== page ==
From Poland, Henry went first Austria, arriving in Wien on . June 23, five days after his "escape". He was received with great pomp by the Emperor Maximilian at an expense, say the chroniclers, of nearly 150,000 écus.
Leaving Wien, Henry went across the Alps by the Brenner Pass to reach Italy, where he intended to stay a while. will stay long.
After a brief stay in Verona, Henry arrives in Venice on July 18, 1574. He is received at the Foscari palace with great magnificence by Doge Alvise Mogenico. All along his march through Venice were triumph arches decorated by Tintoretto and Veronese.
For his visit of the laguna, Henry was given a richly decorated galley, with a crew of four hundred Slavic rowers and an escort of 14 vessels. The party stopped in Murano, where an army of master glassmakers showed to the future king of France their talent glass blowing from ovens disguised as fire-eaters sea monsters...
All this is superbly depicted on the mosaics of Palazzo Barbarigo on the Grand Canal. This palace typical of the Venetian Renaissance style
Atr the grand banquet given by the Doge, the ladies were dressed in robes and wore dazzling jewels. Food was served to 3,000 guests After dinner, tguests attended the first opera ever present in Italy, Daphne from Jacopo Peri. The evening ended by showing to the young prince a magnificent galley constructed during the banquet and launched from the Ducal Palace.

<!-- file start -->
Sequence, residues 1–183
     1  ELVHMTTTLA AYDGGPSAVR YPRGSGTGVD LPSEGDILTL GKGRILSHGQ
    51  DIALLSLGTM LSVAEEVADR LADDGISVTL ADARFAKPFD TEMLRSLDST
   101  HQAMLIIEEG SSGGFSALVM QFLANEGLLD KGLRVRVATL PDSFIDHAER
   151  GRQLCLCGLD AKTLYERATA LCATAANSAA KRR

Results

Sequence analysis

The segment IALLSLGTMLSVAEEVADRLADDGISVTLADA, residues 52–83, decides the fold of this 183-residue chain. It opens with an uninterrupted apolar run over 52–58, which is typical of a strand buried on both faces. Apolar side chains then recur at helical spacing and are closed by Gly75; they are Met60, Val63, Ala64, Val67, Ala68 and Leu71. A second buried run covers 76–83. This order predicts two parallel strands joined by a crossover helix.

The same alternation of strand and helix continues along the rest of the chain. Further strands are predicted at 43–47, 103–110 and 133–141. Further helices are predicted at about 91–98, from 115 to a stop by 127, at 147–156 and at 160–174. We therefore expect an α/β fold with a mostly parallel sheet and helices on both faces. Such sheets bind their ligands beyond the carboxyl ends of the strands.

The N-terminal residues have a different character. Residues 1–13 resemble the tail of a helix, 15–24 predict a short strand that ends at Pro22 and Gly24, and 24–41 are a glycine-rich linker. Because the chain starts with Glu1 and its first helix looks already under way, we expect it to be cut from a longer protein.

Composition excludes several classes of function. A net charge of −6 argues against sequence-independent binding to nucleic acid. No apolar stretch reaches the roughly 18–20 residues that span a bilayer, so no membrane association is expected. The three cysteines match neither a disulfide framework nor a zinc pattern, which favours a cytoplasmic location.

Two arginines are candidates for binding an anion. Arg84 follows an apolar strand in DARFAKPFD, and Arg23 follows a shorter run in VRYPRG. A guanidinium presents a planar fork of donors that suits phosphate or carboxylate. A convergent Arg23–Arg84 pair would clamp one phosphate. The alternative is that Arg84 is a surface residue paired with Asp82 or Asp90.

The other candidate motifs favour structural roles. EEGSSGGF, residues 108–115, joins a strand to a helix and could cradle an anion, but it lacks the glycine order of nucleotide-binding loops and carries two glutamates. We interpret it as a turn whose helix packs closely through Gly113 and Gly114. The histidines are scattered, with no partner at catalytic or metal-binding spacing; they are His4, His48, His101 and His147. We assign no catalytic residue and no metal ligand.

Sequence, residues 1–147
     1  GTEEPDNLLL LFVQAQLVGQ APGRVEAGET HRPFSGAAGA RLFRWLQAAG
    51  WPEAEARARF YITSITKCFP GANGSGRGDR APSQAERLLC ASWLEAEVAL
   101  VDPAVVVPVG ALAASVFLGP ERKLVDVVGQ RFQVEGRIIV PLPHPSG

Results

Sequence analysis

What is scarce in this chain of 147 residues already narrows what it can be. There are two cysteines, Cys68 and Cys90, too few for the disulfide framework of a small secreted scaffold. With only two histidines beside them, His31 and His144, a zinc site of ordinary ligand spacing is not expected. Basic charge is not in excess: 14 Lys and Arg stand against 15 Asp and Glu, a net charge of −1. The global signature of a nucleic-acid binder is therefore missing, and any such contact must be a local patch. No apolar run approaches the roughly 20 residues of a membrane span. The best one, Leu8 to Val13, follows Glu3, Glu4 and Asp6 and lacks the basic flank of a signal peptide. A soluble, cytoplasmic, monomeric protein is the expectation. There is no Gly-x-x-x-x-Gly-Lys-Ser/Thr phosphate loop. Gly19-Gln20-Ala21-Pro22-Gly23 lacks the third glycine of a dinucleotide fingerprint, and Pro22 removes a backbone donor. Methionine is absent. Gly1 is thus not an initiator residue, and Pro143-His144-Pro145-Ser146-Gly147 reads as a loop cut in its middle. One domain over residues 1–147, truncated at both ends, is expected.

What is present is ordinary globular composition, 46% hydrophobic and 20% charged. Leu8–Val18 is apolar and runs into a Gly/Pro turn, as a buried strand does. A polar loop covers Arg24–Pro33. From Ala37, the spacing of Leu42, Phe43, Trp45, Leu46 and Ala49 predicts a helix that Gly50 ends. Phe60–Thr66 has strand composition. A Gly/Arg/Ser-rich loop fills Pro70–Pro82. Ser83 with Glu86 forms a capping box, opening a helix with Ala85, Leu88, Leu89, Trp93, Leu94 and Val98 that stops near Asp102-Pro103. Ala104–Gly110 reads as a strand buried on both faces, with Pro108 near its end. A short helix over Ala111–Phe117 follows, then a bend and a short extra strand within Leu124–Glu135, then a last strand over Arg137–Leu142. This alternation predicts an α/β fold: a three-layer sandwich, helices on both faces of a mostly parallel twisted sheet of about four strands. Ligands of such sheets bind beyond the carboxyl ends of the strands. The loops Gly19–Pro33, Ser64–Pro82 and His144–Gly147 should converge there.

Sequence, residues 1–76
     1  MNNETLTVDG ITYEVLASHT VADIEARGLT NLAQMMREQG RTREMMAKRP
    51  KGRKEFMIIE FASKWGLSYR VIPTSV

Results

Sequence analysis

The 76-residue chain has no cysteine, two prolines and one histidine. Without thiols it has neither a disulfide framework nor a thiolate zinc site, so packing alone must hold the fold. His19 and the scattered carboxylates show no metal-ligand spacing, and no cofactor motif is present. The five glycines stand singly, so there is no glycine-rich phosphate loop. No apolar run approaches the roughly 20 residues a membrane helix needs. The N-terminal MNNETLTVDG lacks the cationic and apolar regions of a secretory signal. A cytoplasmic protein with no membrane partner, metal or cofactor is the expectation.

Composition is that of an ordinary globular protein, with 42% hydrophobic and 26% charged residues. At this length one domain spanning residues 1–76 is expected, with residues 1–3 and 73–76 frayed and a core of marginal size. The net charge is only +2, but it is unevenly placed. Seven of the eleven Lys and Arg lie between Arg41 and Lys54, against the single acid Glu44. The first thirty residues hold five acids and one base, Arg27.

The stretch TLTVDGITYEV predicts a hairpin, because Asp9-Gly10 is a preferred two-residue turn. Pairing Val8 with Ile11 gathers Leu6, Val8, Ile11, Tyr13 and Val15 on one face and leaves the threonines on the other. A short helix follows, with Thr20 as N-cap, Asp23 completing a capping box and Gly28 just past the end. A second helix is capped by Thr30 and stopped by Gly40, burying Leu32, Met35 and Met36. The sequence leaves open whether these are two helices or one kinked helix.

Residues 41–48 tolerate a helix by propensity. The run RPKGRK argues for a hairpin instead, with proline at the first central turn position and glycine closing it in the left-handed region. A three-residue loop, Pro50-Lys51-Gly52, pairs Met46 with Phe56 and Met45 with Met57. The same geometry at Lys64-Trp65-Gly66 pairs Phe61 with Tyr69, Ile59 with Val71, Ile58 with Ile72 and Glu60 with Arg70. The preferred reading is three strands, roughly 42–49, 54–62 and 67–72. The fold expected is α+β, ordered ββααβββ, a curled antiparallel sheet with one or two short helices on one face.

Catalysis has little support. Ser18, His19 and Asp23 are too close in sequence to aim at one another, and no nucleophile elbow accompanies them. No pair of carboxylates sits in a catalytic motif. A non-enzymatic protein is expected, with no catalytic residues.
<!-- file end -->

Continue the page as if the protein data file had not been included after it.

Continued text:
Amidst all this luxury, the future king appeared somewhat drowsy, and many that the Prince had overused of Venetian pleasures. Indeed, as the story goes the Prince had spent the night with one of the most famous whores of Venice, the beautiful Veronica Franco, listed in the "Catalogo di tutte le principal and Honorate Cortigiane piu di Venezia".
Henry will then go with the Burchiello (flat-bottomed boat) up the Brenta to Padua then he went to Ferrara and Mantua. In August, he was at Monza where he met Charles Borromeo aristocrat then bishop of Milan.
In Turin, Henry III found his aunt Margaret of France and the Duke of Savoy, who traveled with him to Chambery : Henry crossed the Alps aboard a luxurious litter with glass allowing to enjoy enjoy the landscape ...
On his return to France, Henry became king, in May 1574, under the name of Henri III. His first act was to create the Order of the Holy Spirit, in reference to his own birth, his coronation to the throne of Poland, and later on that of France, all had occurred on the day of Pentecost.
NAPOLEON LUIS CHERNOWIZ (1812-1881)
Chernoviz Louis Napoleon, is a Polish doctor who had found refuge in France after the failed uprising in Warsaw in 1831.